You’ve got to go in and do what we call a disruption analysis. You have to think very clearly and carefully through different categories of disruption about what this proposed change initiative will cause in the organization as it moves through the organization on several levels. And we don’t need to get into all the details but that is an area that is a challenge we see over and over again—going in unprepared, not understanding the extent of the disruption—and not being prepared for that. And what happens? It’s a false start.

Con: That’s very interesting. Any other challenges?
Tim: Let me give you a lens to think about this, and all the listeners. I want you to think about any change initiative that you may be working on. And I want you to think about the way that change initiative sinks into the organization. Change means that you are taking an organization that’s in a state of equilibrium or relative equilibrium and you’re disrupting. So it goes into a state of dis-equilibrium. And then you are going to try to get it back to a new state of equilibrium but better—after the change. Well, think about how change settles into that organization.

For Tim’s explanation of changes’ three phases, drop into the podcast and start listening at the 10:47 marker.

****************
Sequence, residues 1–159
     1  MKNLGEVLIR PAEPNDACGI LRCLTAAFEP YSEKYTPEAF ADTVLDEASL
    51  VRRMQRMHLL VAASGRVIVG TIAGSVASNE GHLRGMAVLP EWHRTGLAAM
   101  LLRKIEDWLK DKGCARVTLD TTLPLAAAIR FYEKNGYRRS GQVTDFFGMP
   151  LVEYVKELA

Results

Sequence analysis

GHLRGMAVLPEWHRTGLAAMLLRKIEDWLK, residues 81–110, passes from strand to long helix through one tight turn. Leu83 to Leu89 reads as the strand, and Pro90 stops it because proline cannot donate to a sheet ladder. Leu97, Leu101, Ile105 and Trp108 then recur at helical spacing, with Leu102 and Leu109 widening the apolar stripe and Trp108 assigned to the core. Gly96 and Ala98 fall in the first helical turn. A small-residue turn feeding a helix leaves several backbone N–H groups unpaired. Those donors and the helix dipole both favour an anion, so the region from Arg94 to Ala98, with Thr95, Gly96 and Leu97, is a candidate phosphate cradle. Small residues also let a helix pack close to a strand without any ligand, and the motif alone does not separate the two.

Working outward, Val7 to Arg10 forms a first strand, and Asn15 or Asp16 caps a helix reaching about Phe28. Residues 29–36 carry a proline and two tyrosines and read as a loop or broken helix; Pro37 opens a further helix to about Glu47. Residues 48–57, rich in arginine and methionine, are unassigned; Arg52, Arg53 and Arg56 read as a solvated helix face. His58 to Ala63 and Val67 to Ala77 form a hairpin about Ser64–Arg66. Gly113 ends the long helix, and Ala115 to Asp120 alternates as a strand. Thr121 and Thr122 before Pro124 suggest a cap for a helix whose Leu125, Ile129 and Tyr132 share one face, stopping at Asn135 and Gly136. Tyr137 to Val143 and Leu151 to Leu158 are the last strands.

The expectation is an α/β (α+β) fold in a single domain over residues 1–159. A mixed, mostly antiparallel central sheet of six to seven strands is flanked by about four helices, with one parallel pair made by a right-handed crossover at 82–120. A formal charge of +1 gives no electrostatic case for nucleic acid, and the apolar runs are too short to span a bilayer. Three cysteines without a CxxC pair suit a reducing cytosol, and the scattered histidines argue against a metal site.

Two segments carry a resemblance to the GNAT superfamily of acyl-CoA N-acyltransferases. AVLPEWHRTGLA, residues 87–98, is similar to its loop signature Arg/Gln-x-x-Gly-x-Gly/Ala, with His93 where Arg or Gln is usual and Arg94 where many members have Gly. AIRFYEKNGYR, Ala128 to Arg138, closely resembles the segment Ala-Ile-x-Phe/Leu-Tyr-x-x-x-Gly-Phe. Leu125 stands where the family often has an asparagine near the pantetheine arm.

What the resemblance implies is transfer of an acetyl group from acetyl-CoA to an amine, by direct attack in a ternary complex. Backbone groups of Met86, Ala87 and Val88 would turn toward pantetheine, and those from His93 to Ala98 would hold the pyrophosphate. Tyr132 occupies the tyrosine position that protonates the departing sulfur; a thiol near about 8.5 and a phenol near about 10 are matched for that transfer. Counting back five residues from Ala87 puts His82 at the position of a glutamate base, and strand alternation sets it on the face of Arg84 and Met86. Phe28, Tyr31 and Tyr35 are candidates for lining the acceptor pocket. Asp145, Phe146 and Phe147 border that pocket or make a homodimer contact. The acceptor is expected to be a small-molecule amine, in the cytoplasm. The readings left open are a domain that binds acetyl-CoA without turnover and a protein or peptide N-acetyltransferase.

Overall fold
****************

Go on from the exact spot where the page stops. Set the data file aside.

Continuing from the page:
Con: You know, Tim, for a long time I’ve been working with organizations and their whole change approach has been to just have a communication strategy, you know? That’s how we go about it. Clearly, there is so much more to it, if you really want to have change work, to navigate that journey of change.

Is there anything else you want to share with our listeners before we close today?

Tim: Well, to that point, Con, maybe build on that a little bit. What’s funny and ironic about change is that people resist what they agree with. Now you have to think about that a little bit.

When it comes to change, people resist what they agree with, what they think makes sense from a logical, rational, intellectual, strategic standpoint, you can get them to agree with a course of action that you’re going to take or you are taking. And they will say, “Yeah, it makes sense. I think we should do that. That’s the logical thing. This change makes sense in so many ways.” And you can go through the analysis, you can go through the rational, and they will nod their heads and they are going to say, “Yeah! I agree. I agree. I agree.” And yet they will resist what they are agreeing with. Why is that?